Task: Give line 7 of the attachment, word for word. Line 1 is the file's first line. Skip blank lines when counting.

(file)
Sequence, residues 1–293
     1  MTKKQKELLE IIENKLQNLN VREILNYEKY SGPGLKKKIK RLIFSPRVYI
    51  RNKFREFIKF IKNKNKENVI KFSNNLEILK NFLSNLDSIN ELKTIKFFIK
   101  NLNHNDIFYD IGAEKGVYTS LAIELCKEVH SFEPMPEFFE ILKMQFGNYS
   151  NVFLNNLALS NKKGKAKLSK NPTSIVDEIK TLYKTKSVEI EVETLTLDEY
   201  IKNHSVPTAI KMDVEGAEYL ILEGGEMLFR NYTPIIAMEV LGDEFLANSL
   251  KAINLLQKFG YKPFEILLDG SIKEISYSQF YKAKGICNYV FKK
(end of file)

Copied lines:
   251  KAINLLQKFG YKPFEILLDG SIKEISYSQF YKAKGICNYV FKK